Bill Bellamy owes all of his success to being able to make people laugh. He turned his knack for stand-up comedy into a career that led to everything from being an MTV "VJ" to a successful actor and television host.
Despite all of his accomplishments, Bellamy isn't just happy doing stand-up comedy; he's more excited to do it than ever.
"I think you hit a point in your stand-up where you have a breakthrough of who you are and what you're about," Bellamy said. "I feel like I'm in my prime."
Growing up in Newark, N.J., Bellamy, 50, started hitting the stage while going to college at Rutgers.
"I didn't know I could be a comedian. I just knew I loved comedy," he said. "It was like, wow, this is one of the coolest things in the world to do."
Bellamy built up a solid reputation in the East Coast comedy scene. It led to a breakout spot on HBO's Def Comedy Jam, where he helped introduce the concept of the "booty call" to the masses. He parlayed this single TV appearance into a much longer run when he became an MTV VJ in the '90s, hosting popular shows like MTV Jams and MTV Beach House and interviewing some of the biggest names in music.
As one of the unique personalities that served as VJs in MTV's heyday, Bellamy continued to use his comedic gifts.
"Everybody utilized it in a different way," Bellamy said of the VJ gig. "I think I had a really honest perspective on music. I was a music lover, I just happened to be a comedian. I was able to talk about music and be funny at the same time."
The massive exposure MTV gave Bellamy led to even more opportunities, including big-screen acting roles in films in the late '90s and early '00s like Love Jones, Any Given Sunday, and The Brothers, among others. Since then, he's been doing stand-up comedy and popping up on the small-screen more recently in the The CW sitcom Mr. Box Office and as host for the syndicated game show Let's Ask America.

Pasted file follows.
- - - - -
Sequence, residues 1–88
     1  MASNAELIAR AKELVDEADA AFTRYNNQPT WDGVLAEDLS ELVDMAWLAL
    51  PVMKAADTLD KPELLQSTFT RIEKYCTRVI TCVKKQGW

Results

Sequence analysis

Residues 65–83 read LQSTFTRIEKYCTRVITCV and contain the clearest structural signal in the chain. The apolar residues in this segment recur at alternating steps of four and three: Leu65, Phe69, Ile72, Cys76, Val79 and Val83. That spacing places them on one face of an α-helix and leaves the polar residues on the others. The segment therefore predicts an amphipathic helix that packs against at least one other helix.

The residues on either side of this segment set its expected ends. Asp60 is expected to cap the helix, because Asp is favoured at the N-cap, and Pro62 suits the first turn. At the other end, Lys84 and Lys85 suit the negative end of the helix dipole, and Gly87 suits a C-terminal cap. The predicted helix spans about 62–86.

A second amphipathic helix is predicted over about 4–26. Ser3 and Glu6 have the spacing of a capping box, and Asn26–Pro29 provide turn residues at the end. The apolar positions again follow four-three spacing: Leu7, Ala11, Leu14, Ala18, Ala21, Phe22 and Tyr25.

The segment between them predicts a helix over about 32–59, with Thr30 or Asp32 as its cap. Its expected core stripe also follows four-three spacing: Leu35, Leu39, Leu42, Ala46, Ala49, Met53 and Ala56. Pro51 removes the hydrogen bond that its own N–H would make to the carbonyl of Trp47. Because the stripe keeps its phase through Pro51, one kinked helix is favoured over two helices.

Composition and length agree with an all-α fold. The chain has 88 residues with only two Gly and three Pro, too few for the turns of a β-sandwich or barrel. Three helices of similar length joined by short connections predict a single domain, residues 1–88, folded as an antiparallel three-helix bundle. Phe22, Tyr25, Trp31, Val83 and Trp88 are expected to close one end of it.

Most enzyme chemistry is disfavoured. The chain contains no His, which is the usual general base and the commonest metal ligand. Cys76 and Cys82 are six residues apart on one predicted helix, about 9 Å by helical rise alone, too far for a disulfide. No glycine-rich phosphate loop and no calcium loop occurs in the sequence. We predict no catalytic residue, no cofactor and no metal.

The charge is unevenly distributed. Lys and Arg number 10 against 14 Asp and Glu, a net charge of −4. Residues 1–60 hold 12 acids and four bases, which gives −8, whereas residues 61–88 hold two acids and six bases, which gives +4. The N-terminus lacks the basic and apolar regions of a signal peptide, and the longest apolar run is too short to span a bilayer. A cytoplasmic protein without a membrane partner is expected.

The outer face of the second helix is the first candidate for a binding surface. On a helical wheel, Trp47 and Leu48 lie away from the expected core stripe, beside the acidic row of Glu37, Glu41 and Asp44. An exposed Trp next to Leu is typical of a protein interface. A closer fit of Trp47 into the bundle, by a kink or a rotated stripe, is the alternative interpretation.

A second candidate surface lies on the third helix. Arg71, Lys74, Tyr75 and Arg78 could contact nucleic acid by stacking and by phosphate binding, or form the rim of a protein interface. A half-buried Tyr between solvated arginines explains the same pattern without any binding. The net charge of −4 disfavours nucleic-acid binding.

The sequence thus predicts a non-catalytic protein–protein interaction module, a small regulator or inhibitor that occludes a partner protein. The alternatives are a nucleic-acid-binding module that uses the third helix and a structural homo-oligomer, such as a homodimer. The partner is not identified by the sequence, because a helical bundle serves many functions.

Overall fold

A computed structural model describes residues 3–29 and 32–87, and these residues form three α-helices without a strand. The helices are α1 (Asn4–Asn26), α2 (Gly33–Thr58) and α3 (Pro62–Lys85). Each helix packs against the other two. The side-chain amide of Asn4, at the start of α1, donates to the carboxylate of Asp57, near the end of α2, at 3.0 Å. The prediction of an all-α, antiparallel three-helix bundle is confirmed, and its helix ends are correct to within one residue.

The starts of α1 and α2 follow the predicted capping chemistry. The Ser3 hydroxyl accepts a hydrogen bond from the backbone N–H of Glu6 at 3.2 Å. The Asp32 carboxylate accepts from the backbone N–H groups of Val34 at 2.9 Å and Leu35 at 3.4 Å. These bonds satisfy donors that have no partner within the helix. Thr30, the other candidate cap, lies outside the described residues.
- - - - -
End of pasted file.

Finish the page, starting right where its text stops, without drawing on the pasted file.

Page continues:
"I've been busy, man, but now we've got so many places you can work and be seen, it's hard to catch up with somebody," he said.
Even though he has a handful of stand-up specials under his belt, Bellamy really hopes people get the chance to catch up with his stand-up comedy now. He began to notice both a change in his material and the crowd's response to it when he was a featured performer on comedienne Sommore's The Standing Ovation Tour last year. It was a combination of a "kabillion" hours of stage time, a well-balanced marriage and family life, and the ability to reveal more of himself to find the biggest laughs.
"I think I'm more comfortable. It wasn't like I wasn't honest (before). It's that I'm more comfortable being completely honest, and that takes time," he said. "I started seeing the people really going crazy with laughter and responding to me. I just kept building upon the material and the perspective of where I am."
Bellamy will be back on the big screen this fall. He just finished shooting a romantic film called The Bounce Back starring Shemar Moore from CBS's Criminal Minds. He continues to hit the road showcasing his latest material, which he will bring to Comedy Off Broadway in Lexington this weekend. Even after decades onstage, Bellamy feels he's at a new beginning in his stand-up career.
"It's my heart, my love, it's such a derivative of who I truly am and who I am about," he said. "I think I'm going to keep going. It's still working."